If you’re an owner of one of Fuji’s X-Trans cameras and you use Lightroom, you are either perfectly happy with the way the software handles the raw files or mildly frustrated at the way the Lightroom doesn’t seem to quite achieve the full potential of the X-Trans sensor. Unfortunately this has become a charged issue for some people, which is unfortunate, because I think that has prevented this issue form being properly resolved. I’m not trying to be controversial here, I’m just trying to help people. So if you don’t have an issue, then great, you can stop reading now!
On the other hand, if you are a bit frustrated then I share your pain, and hopefully this will help. There’s something odd about how Lightroom processes X-Trans files. Despite a previous fix for the issue of smearing it still exists, and while it is not too bad at default settings, the files are a little soft, and the patterning becomes very apparent when you sharpen the files. There is also some weird thing going on where high contrast edges have a halo around them almost like it was embossed. I think this is what is causing the weird pattern like smearing when you turn up the sharpening. The other odd thing that I’ve found is that if you turn the sharpening off in Lightroom all together, the images look much softer than they do in other software when you do the same thing and turn sharpening off. It’s not just an over all Lightroom thing either though, as raw files from other manufacturers don’t show as big a difference when sharpening is disabled
Anyway, I’ve tried to be proactive about the issue and see if I could tweak the settings to minimise the issue. I had posted some sharpening settings before that i found created a more natural look, but after doing some research and a lot of experimentation I’ve come up with some new settings that I believe work quite well. There’s no one setting fits all approach, and I’ve found that different types of image work better with different sharpening settings. The key seems to be not to increase the actual sharpen values too much, and instead turn up the detail. I’ve also found that for certain types of images, particularly architecture, using a high radius works too.
I’ve created a set of presets that you can download and install and try yourself. You’ll have to play around and see if they work for you. You may already have your own workflow, but I thought I would share these anyway. The list of presets contained in this set are as follow:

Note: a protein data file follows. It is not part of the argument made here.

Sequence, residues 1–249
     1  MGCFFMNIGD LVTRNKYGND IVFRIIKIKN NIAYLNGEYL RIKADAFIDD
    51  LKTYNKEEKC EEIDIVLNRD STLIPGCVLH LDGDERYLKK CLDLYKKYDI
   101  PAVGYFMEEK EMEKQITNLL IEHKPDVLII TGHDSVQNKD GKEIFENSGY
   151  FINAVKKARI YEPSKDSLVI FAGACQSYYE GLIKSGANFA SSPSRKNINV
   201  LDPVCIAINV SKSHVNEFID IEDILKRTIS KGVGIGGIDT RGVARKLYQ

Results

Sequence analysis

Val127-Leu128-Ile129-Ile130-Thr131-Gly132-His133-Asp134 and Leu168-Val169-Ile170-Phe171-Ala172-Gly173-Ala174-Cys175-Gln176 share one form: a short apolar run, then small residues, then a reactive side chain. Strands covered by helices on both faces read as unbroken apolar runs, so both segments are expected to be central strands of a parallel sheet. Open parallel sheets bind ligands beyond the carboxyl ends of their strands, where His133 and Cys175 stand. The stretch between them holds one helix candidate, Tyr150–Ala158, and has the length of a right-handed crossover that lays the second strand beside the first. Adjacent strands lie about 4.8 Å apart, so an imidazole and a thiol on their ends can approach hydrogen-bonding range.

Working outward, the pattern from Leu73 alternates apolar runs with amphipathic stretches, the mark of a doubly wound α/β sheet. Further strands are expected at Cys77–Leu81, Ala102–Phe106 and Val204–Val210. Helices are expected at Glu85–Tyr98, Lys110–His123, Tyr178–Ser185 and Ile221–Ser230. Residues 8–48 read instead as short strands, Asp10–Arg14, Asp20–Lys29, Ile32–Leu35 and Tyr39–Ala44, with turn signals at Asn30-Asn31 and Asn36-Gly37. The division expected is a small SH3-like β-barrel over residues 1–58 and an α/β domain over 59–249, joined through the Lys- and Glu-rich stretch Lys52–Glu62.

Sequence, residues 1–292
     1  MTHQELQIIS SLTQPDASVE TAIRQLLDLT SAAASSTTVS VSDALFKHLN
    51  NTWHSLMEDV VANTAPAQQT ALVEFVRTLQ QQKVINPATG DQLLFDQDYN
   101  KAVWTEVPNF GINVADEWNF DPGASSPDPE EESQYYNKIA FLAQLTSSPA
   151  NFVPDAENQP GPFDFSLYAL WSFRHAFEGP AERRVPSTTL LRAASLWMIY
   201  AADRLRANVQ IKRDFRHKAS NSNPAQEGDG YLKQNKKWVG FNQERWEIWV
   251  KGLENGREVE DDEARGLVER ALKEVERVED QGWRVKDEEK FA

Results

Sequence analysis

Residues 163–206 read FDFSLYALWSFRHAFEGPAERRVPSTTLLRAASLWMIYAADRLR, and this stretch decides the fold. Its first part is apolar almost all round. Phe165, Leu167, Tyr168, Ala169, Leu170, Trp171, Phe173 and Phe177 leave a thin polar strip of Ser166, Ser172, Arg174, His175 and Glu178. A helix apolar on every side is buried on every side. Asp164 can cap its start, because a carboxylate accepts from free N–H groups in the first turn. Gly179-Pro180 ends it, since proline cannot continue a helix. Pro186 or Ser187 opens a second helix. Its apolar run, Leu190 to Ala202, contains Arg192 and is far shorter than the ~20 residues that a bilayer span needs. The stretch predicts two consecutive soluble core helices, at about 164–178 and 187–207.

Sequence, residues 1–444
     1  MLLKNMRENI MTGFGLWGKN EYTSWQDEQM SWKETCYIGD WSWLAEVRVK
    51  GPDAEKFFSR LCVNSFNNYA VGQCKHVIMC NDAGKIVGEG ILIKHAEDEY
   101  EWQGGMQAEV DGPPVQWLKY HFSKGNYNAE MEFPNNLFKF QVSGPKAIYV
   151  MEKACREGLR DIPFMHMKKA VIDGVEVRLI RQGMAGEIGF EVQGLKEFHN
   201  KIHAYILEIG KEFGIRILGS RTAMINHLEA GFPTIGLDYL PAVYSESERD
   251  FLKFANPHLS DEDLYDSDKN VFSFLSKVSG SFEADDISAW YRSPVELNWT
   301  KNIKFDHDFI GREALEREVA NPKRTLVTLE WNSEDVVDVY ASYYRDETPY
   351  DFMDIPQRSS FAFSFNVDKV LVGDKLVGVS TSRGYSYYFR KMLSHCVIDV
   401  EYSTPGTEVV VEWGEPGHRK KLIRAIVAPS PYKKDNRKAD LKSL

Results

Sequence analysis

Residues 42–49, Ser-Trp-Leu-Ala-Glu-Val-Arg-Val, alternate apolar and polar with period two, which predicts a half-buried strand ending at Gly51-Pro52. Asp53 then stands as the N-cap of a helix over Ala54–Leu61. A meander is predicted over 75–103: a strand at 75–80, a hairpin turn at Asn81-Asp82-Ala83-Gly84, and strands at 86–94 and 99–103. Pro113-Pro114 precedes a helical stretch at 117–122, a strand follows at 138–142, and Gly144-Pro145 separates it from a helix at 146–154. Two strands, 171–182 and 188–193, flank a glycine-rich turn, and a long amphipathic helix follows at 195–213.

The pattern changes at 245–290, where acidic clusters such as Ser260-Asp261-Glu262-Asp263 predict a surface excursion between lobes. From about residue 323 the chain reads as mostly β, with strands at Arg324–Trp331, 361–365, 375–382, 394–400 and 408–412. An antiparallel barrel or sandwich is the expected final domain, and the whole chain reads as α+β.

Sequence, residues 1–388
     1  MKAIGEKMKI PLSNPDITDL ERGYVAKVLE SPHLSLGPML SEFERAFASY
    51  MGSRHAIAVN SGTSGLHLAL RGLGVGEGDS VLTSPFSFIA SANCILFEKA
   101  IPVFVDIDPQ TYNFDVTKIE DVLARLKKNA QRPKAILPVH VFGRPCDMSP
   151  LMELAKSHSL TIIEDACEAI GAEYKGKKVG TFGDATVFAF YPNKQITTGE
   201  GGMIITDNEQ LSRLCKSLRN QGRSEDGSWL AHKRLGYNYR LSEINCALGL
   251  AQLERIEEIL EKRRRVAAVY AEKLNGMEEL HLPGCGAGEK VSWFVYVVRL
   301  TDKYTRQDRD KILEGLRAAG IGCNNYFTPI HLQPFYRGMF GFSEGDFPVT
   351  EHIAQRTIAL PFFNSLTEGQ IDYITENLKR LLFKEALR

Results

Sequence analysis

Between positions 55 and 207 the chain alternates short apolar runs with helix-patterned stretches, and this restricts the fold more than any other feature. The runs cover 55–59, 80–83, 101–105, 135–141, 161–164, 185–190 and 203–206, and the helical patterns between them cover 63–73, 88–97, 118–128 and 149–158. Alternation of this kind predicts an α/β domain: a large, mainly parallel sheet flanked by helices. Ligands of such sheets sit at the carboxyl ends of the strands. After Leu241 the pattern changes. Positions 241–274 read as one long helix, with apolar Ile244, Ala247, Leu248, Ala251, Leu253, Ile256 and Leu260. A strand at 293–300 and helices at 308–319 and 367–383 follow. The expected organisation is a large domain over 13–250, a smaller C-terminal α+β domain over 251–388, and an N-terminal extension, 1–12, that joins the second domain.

The first two are import presets that I use. I mostly just use the standard one. It turns up the sharpening a little and also tweaks a few other settings, such as the contrast and the saturation. The rest are various sharpening settings. X-Trans-Sharpen-Detail-50 is the one I use the most. The other X-Trans-Sharpen-Detail versions are for increasing levels of sharpness. You’ll need to experiment to see which ones work best in various situations. The Foliage version is my attempt to make one that works well for areas of foliage, however there are limitations given Lightroom’s x-trans de-mosiacing algorithm. Finally the high radius versions work well with architectural detail and fine repetitive textures.
Feel free to download the presets and give them a try. I don’t have an installer so you’ll have to manually install them, but it’s actually relatively easy. Here are the steps you need to take:
- Download the preset file and un-zip the file if it does not un-zip automatically
- Inside of Lightroom go to your preferences. Inside of the preferences window, click on the preset tab. Now click on the button that says “Show Lightroom Presets Folder”
- In the Finder (on the Mac) or Windows Explorer (on a PC) open this folder and navigate to the Develop Presets folder. Open this fodder.
- Copy the folder of presets you downloaded earlier into the Develop Presets folder you opened earlier. Make sure to copy the whole folder, and not just the individual .lrtemplate files.
Incidentally, a lot of people have recommended Iridient Developer to me as it does a really good job with X-Trans files and I’ve been trying it out this weekend. It does indeed do a great job and certainly does a better job of de-moosiacing than Lightroom, however it does lack many of Lightroom’s creative tools. Still, I’m working on a workflow for using the two in tandem, and I’ll have a post about it soon.Download the Presets
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